By this time of course you are on the way to being a successful artist and are starting to be a little bit elusive yourself (in the manner of the real superstar artists), not because of some tendency towards being a hermit, but because you are in actual fact so busy painting to supply the collector public who are buying art that you create. Short supply sends the prices on a skyward trajectory. The collectors like that too.
So what do collectors really want?
They want you to be a serious career artist making serious art.
This is a comment for your whole site in general. I have been struggling with my art for the past year especially with the failed economy of late. I’m always searching the internet for direction. Well I finally found it in you my friend. You pretty much hit on all the subjects that I’m dealing with.
Thanks for the inspiration!
After reading your article it brings up a question for me – is the work of an artist diminished to the “art investors” if some of the work is priced for the “art collectors”?
Thank you for the words of wisdom. Wood art rocks.
I was searching for a sufficient answer, and I got one. I live in Arizona and I go to the art walks in Scottsdale. I’ve met the professionals and legends there. Not always impressed by their work, but always noticing collectors huddling around the artists. Which sucks for me at times, because even though I’m a digital artist, I like to get tips on what paints the artist used and so on, but I get shoved off because I’m not a buyer. Or sometimes ignored by an artist..how rude…lol!
They probably dont want to talk shop while they are in the middle of a sale 😉 Thats wise!
I had a show at a pop up gallery in Scottsdale, and it was so dead I would have welcomed anyone who wanted to talk to me!
I’ve been at painting for a long time and find your article refreshing and confirming. For myself the underlying message is “hard at work” is better than “working harder” to achieve your results. With this of course is the art of finding patience also comes to mind as well. Thank you for your insight.
Thanks for the kick in the butt! Josph Raffaael gave a presentation at my art school back in 1980 something. He asked us if we wished to be successful artist and wanted to know how to do it. Of course we all did and his response was “well then you just have to do it!” It takes a lot of hard work to be successful at anything!
a great down to earth informative article, thanks for the guidance, hard work with persistence and perseverance I guess.
Thanks for this article! Very useful. Loved it!
My oil paintings are mixed of realism and impressionism styles . I am graduated fine art and tourism from Azad university of Tehran .I had some exhibitions in Armenia and Iran . Since I am suffering from bone cancer for one year , I have left my tourism job and continue painting . I have decided to sell some of my canvas which makes me very happy in this difficult situation .Just I wanted to check if you buy these kind of oil paintings ? of course I have to mention my sisters live in Los Angles and I don’t have any problem regarding sanctions difficulties . If interested I can send you some of my original oil paintings with my signature.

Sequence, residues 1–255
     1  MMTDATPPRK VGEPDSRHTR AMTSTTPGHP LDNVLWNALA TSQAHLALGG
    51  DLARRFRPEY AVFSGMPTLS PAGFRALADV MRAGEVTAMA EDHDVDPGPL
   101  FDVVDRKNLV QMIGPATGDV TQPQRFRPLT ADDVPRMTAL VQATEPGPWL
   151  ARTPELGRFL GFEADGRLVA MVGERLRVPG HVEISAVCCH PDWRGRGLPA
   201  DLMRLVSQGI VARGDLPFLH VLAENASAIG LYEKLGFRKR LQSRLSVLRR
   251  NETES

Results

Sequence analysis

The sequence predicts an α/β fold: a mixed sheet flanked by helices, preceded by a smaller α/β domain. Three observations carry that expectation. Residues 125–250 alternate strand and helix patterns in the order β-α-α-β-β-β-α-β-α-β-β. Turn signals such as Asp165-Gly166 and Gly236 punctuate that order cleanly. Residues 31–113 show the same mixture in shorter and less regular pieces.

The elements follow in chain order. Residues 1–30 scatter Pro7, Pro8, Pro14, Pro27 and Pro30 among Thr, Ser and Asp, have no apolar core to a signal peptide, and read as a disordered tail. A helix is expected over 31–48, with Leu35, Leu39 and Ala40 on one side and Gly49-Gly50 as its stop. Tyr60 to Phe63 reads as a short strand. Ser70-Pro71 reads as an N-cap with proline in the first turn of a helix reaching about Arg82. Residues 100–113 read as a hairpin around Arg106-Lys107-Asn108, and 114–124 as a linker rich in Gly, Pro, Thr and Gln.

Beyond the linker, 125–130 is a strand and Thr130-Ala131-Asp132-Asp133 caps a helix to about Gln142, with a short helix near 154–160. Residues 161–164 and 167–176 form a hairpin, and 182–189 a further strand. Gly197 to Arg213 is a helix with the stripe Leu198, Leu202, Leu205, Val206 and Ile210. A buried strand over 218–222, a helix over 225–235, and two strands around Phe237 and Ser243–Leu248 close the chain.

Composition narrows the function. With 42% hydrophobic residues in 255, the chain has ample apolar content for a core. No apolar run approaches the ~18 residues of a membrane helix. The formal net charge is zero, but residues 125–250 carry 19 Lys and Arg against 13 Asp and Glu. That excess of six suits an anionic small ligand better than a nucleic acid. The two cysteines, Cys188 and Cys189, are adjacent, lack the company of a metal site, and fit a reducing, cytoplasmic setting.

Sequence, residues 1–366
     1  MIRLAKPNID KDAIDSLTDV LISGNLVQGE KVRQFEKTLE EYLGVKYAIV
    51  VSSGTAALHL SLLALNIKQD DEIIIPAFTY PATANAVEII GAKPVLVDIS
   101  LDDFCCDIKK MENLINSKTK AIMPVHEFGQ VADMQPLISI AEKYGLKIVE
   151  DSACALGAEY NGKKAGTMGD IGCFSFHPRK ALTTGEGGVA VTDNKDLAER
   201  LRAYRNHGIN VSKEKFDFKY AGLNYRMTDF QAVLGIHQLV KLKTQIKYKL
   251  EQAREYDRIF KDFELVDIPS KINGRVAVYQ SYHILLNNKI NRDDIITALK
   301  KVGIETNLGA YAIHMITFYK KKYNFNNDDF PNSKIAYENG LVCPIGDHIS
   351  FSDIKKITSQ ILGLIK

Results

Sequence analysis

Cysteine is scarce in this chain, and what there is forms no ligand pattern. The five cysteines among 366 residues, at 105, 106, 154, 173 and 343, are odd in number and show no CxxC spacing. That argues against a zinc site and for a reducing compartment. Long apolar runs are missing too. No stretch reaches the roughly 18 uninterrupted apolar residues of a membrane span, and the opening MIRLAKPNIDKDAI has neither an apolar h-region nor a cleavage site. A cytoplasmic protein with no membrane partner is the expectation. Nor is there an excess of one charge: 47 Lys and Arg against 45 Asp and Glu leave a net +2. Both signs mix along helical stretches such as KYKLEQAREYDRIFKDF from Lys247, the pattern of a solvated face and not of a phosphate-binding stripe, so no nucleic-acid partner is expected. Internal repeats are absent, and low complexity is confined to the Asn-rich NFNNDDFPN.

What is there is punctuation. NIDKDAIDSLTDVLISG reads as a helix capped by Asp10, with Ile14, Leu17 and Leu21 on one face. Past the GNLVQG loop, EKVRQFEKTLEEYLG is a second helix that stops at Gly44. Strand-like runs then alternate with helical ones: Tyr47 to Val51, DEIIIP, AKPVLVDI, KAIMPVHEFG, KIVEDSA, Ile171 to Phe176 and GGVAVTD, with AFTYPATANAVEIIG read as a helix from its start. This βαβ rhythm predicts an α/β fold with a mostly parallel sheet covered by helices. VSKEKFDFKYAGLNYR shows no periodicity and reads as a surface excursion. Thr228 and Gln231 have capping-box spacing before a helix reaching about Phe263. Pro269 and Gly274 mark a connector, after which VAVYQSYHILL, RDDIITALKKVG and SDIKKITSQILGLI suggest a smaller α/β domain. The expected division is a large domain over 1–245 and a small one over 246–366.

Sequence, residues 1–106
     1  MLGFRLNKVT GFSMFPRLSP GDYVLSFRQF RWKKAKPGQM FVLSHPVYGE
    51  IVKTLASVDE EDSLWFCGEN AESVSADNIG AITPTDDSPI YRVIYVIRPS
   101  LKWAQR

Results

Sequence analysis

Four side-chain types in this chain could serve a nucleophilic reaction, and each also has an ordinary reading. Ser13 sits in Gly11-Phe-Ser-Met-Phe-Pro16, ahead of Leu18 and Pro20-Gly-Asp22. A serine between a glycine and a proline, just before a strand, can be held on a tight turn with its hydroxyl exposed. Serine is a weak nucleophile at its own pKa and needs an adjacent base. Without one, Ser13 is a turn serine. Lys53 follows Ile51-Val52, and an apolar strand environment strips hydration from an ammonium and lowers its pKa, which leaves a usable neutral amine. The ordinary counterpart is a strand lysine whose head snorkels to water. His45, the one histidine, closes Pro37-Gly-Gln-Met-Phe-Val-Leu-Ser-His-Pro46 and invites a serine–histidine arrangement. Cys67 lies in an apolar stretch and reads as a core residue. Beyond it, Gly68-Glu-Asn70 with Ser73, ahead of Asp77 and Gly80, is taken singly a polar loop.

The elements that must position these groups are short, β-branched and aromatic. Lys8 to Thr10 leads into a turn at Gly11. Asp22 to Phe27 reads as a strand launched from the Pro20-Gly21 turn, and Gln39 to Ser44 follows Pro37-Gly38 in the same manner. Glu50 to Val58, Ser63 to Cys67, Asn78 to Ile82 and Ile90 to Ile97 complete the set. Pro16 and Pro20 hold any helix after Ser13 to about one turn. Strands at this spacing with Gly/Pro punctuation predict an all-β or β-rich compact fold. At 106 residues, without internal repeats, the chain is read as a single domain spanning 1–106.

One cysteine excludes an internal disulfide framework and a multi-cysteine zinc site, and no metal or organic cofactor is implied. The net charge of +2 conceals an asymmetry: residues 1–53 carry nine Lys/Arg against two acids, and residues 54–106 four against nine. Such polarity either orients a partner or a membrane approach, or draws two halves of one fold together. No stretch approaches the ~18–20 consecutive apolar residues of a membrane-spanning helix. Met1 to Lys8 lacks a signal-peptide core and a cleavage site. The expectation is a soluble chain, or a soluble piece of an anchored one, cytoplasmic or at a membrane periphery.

Thank you again
I feel kind of sad for people who buy art with an eye to selling it off when it is worth more money. I love art and feel lucky to have some small originals, I would never resell because they are meaningful to me. Most of my sales have been to friends and art lovers. I did sell a few paintings to a collector in a million dollar home but I got the sense she absolutely loved art and her collection was interesting to see. I’m not sure I would even want to sell to someone who was just investing. I’m also pretty sure that isn’t going to happen in my lifetime…I would be curious though to find out. Haha! Happy art making!
Where I live there is very little art and many who call themselves artists. Those who call themselves patrons of the arts being mesmerized by trinkets caught-up within galleries.
I was selling well, but the gallery took 40% of what I made, so I had to raise money on my art work, and I thought it was unfair to the buyer. I decided to withdraw my art from the gallery even-though my name was on the rising and I was selling.
Now I have a quilting long-arm machine and I quilt original quilts and sell on my own. I love anything I can work with my hands. I’m the one who sets the $ value. It’s not all about prestige and bottom dollar. At the end of the day, can you make a decent living and mostly loving to work at your art? Often sacrifices in life provide value and appreciation. This is how I approach making a beautiful painting or quilt. All comes from within me and not to satisfy a group of people.
I think art collectors esteem high quality art and a unique style. They also are intrigued by artists who have a interesting story behind their life, approach to work and a unique viewpoint.
Having spent my life in various artist professions I believe the success I have achieved in my artistic career has been my passionate desire to always deliver a quality product and to always keep learning new things. This is how you build a reputation. Quality shows. Take the time to make it the best work that you can possibly deliver. Only show your best work. Don’t create art that doesn’t excite you. It will show. Put your heart into the piece. Paint what excites you. If you love the work, chances are someone else will love it also. Don’t try to paint like someone else. Be yourself, refine your skills, never give up and always keep trying. Believe in your God-given talent and always keep learning. Never give up. Do what you love and the money will follow.
You make a good point that most people that are buying art are simply people that want to decorate their homes with nice things. I can imagine that for an artist, It is people like that that are where a lot of their income comes from. I would love to support artists in this way by buying their pieces!